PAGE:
Green tea (Camellia sinensis L.) and grape seed (Vitis vinifera L. ssp sativa) are also two plants rich in polyphenols. Green tea is one of the most popular beverages worldwide, and it contains high levels of flavanols (e.g., catechin, epigallocatechin gallate) that represent 25–35% of the leaves’ dry weight. In aquaculture production, the inclusion at 5% of green tea in juvenile grass carp (Ctenopharyngodon idellus) diets positively modulated myogenic regulator factors and stress-related genes [16], and at 0.01% of dietary inclusion enhanced the antioxidant and immune system in rainbow trout [17]. Grape seed extract is a by-product of the winery and grape juice industry. Polyphenols represent 5–8% of the constituent of grapes depending on the variety, and the most abundant are flavonoids, tannins, and phenolic acids [18,19]. Dietary grape seed extract at 0.1% was beneficial for growth performance and meat quality in juvenile rainbow trout [20], and in postlarvae of Senegalese sole (Solea senegalensis), the dietary administration of grape seeds supplemented in the mineral premix at 1.2% also showed an increase in growth performance and modulation of gene expression relate to muscle growth development [21]. All the modulatory effects observed in the growth and health of these fish species seem to be related to the antioxidant activity exhibited by polyphenol-rich extracts, which reduce the damage caused by reactive oxygen species (ROS), either by the presence of the phenol group that directly scavenge these molecules into stable radicals, or by enhancing the activity of endogenous antioxidant enzymes through an up-regulation of transcription factor Nrf2 signalling pathway [7,22,23].
A high concentration of free radicals or other pro-oxidants that were not detoxified and removed from cells, or a deficiency in the antioxidant system, may cause an imbalance in the redox homoeostasis of the cell leading to a state of oxidative stress [24]. To counteract the high levels of ROS, all aerobic organisms possess endogenous antioxidant molecules able to neutralize them, thus preventing membrane cell damage, enzyme inactivation, and nucleic acid alterations [25]. The first line of the antioxidant defence is constituted by three enzymes: superoxide dismutase (SOD), catalase (CAT), and glutathione peroxidase (GPx) [26]. Glutathione-S-transferase (GST) acts in the second line of antioxidant defences, and is also an antioxidant enzyme family that inactivates secondary metabolites and lipid peroxidation (LPO) products into excretable molecules by catalysing the conjugation with glutathione (GSH). Other endogenous non-enzymatic antioxidant defences are also vital to maintain oxidative balance, such as vitamins (E, C, and A), ubiquitol and GSH. This previous is a peptide with an important role in the neutralization of radicals, cofactor for several detoxifying enzymes (such as GPx and GST) and converting vitamin C and E into their active forms [24,27].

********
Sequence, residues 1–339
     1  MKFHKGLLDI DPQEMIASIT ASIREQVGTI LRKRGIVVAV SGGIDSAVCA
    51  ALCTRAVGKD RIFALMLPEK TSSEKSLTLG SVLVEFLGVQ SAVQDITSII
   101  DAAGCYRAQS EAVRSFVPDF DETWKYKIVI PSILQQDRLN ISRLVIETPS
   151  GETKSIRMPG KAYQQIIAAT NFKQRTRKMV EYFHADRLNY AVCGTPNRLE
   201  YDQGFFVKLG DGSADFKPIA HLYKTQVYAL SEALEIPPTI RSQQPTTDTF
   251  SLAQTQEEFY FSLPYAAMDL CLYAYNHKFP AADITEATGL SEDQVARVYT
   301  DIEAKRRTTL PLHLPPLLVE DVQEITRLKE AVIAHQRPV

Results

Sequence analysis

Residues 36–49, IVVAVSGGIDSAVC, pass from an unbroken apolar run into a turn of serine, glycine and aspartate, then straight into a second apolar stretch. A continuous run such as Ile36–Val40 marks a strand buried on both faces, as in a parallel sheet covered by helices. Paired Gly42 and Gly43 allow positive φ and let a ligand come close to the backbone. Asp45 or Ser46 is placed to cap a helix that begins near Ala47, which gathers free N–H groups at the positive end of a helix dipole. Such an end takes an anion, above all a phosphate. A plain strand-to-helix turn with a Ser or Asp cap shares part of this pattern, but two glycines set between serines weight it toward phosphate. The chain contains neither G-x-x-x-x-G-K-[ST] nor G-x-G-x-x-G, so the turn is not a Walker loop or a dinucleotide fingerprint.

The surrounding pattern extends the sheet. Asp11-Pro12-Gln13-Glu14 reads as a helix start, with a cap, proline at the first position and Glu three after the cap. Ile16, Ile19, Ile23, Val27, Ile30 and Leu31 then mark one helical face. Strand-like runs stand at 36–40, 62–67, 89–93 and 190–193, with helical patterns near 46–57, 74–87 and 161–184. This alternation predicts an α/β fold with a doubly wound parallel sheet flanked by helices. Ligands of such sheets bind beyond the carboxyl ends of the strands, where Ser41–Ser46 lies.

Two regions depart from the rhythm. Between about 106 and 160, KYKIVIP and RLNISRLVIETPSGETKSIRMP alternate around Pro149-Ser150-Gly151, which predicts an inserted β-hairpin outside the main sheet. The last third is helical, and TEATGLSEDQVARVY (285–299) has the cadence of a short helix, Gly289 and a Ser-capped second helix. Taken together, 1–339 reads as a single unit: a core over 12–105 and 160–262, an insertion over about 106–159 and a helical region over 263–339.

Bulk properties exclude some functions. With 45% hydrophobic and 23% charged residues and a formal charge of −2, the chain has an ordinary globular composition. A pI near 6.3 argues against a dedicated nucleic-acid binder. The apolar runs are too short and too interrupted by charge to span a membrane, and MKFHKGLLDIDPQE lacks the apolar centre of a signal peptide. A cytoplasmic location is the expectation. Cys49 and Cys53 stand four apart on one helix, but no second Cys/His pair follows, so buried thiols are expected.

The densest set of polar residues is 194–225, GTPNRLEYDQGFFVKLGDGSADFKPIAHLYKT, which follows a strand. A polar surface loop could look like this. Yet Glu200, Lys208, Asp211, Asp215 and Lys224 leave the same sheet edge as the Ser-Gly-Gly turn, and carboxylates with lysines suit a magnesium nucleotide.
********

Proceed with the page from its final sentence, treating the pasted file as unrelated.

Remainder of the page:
Many factors can influence the antioxidant defence response in fish. Biotic factors such as age, species, and feeding behaviour, and abiotic conditions such as temperature, diet, dissolved oxygen, and toxins present in the water can modulate the antioxidant defences, and as a consequence, the oxidative status of the animals [28,29]. Therefore, the aim of this work was to evaluate if dietary plant extracts supplementation (curcumin, green tea, and grape seed) positively modulates growth performance and antioxidant status of Senegalese sole postlarvae, and to assess how the dietary treatments modify the fish’s physiological responses under a stressful event.

2. Materials and Methods

2.1. Experimental Diets

Four diets were tested in this study, including a commercial diet (WINFlat, SPAROS Lda., Portugal) that was used as the control (CTRL diet). This diet contains ingredients such as krill meal, squid meal, wheat gluten, fish meal, shrimp meal, fish hydrolysate, pea protein concentrate, fish gelatine, fish oil, lecithin, and a micronutrient premix comprising vitamins, minerals, and other additives. Moreover, three experimental diets were prepared by supplementing the CTRL diet with an extract of either curcumin (CC diet) at 46 g/kg of the micronutrient premix, green tea (GT diet) at 12 g/kg of the micronutrient premix, or grape seed (GS diet) at 12 g/kg of the micronutrient premix. The extract of curcumin (95.34% purity), green tea (≥50% polyphenols), and grape seed (≥70% polyphenols) used in the supplemented diets were provided by Denk Ingredients (Germany). These selected doses of each antioxidant extract are under a patent-pending application (PCT/IB2020/056001) and were chosen based on preliminary trials conducted in the Centre of Marine Science of Algarve (CCMAR) [21]. All diets were prepared by SPAROS Lda (Portugal). Feed samples were freeze-dried, ground, and analyzed for dry matter (DM; 105 °C for 24 h), crude protein by automatic flash combustion (Leco FP-528, Leco; N × 6.25), lipid content by petroleum ether extraction using a Soxtherm Multistat/SX PC (Gerhardt; 150 °C), and gross energy in an adiabatic bomb calorimeter (Werke C2000; IKA). Diets’ proximal composition was identical for all 4 diets, with 65.6% DM crude protein, 19.4% DM crude fat, and 22.9 MJ kg−1 gross energy. These diets only changed in the supplementation with natural extracts, and this supplementation did not exceed 1% of the diets.